Stan Deen was a revered figure in Lancaster, and his enduring legacy touched the hearts of many in the community. When we pitched the project, investors saw an opportunity to be part of a story that would honor Stan and Nate, while also making a positive impact. They believed in the film’s potential to inspire and bring hope to audiences worldwide, and that shared vision fueled their support.
Jared Harris, Photo by Joseph Gidjunis
Jared Harris, Stan Deen
BAFTA winner and Golden Globe and Emmy nominee Jared Harris is best known for his roles as Layne Price in AMC’s award-winning television series Mad Men, King George VI in the award-winning Netflix series The Crown, and Valery Legasov in HBO’s award-winning miniseries Chernobyl. Harris’ ability to fully inhabit the characters he portrays is the key to his longevity in Hollywood. Harris is starring next as Hari Seldon in the Apple TV+ series Foundation.
Nicholas Hamilton, Photo by Joseph Gidjunis
Nicholas Hamilton, Nathan Williams
An incredible 22-year-old Australian actor, Nicholas will next be seen as series regular ‘Stu Mills’ in THE PRADEEPS OF PITTSBURGH on Amazon Freevee. He previously played ‘Henry Bowers’ in IT and IT: CHAPTER 2, New Line Cinema’s Andy Muschietti-directed adaptations of the Stephen King bestseller. He also played the co-lead in the Scott Speer-directed romantic drama ENDLESS, starring opposite Alexandra Shipp, as well as the Australian feature DANGER CLOSE opposite Travel Fimmel. Nic was in Nik Arcel’s THE DARK TOWER opposite Idris Elba and Matthew McConaughey. He starred opposite Viggo Mortensen in MATT ROSS’ film CAPTAIN FANTASTIC, which premiered in Cannes and earned him a SAG nomination. He played Nicole Kidman and Joseph Fiennes’s son in Kim Farrant’s Australian feature STRANGERLAND. He has since entered the music industry, releasing his debut single “Different Year” in early 2021.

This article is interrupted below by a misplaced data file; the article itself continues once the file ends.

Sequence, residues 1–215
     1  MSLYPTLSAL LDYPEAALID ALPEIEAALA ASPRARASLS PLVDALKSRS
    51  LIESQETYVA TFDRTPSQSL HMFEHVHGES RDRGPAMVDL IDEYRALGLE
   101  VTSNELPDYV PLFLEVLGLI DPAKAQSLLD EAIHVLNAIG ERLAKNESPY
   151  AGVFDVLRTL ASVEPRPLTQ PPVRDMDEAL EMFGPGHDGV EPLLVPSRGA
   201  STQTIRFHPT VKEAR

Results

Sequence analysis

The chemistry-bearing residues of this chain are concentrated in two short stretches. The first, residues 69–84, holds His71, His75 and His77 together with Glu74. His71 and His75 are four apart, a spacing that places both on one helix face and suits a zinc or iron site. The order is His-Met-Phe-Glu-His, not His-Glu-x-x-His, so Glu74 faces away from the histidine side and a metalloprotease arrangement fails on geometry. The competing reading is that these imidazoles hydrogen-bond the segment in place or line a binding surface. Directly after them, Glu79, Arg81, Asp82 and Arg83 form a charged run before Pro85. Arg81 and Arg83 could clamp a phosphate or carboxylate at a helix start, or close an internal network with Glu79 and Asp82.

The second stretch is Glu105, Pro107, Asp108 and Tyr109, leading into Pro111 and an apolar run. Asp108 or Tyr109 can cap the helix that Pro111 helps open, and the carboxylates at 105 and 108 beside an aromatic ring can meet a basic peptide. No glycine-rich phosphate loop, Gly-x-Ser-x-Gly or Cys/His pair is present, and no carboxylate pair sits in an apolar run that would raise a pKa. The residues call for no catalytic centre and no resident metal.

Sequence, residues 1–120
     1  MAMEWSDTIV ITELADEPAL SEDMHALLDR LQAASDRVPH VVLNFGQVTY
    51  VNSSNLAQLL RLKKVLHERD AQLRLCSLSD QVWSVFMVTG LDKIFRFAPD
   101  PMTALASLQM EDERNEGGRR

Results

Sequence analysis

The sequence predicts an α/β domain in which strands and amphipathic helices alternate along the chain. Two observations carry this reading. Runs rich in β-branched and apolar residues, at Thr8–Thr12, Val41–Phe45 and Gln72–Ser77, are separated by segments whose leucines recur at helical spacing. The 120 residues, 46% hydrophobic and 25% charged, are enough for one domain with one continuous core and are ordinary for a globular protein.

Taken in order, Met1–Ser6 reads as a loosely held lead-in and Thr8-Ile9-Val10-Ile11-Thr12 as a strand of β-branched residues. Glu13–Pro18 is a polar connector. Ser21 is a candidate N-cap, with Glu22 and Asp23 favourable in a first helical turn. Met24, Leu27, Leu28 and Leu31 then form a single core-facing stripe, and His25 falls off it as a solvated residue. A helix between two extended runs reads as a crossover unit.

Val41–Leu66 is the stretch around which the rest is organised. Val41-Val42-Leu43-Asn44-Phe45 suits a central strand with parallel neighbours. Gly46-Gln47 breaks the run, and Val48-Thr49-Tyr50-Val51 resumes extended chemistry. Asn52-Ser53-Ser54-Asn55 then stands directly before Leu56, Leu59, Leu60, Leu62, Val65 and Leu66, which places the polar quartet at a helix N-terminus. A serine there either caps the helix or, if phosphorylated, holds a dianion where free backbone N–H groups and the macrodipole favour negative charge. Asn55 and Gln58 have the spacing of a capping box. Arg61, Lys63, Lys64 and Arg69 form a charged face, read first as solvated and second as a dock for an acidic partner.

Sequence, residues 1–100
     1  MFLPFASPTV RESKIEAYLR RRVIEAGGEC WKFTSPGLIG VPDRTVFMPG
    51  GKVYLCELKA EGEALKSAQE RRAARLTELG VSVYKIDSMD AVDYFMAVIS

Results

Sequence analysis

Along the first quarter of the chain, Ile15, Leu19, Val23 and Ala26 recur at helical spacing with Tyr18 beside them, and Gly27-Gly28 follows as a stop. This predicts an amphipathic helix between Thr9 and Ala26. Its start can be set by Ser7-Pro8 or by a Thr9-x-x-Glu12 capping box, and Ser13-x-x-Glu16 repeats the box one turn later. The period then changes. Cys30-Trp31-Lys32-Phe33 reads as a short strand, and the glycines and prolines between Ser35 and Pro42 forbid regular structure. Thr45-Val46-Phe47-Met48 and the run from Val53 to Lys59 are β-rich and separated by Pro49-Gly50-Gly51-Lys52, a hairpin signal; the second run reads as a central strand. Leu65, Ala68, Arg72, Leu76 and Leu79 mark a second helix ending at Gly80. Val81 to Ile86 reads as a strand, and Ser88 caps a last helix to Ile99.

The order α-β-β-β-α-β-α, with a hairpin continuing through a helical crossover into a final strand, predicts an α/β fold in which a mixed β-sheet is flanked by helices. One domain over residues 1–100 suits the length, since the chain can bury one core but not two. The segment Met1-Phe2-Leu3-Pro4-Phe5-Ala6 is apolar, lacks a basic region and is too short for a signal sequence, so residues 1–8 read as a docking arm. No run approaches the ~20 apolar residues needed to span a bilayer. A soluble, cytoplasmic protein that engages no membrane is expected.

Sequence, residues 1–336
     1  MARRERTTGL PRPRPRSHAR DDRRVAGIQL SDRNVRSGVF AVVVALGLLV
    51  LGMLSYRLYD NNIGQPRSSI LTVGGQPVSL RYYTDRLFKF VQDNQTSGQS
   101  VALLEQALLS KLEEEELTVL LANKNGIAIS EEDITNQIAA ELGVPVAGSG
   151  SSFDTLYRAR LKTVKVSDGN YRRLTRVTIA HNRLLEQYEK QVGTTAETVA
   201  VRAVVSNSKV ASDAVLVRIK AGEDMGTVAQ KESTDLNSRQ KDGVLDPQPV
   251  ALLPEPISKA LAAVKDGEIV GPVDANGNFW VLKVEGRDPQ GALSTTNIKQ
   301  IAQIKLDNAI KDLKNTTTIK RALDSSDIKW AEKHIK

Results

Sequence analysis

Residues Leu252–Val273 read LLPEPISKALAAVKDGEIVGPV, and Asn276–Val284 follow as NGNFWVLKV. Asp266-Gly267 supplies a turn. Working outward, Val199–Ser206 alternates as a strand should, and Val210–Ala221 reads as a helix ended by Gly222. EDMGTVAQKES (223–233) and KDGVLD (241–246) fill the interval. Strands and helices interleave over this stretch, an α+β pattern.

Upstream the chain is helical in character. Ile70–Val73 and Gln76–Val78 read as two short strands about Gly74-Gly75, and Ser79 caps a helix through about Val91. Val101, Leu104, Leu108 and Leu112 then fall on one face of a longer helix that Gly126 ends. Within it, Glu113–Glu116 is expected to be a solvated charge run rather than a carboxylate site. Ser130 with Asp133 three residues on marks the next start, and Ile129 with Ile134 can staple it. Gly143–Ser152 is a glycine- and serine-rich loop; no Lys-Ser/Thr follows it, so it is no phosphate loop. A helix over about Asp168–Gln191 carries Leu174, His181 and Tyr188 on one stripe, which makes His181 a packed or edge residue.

Other credits to date include lead roles in Snap Original Action Royale and the upcoming BRAVE THE DARK, alongside Jared Harris, Lionsgate’s adventure horror thriller CREEPERS, and guest leads in Hulu’s LOVE, VICTOR and MAKO MERMAIDS.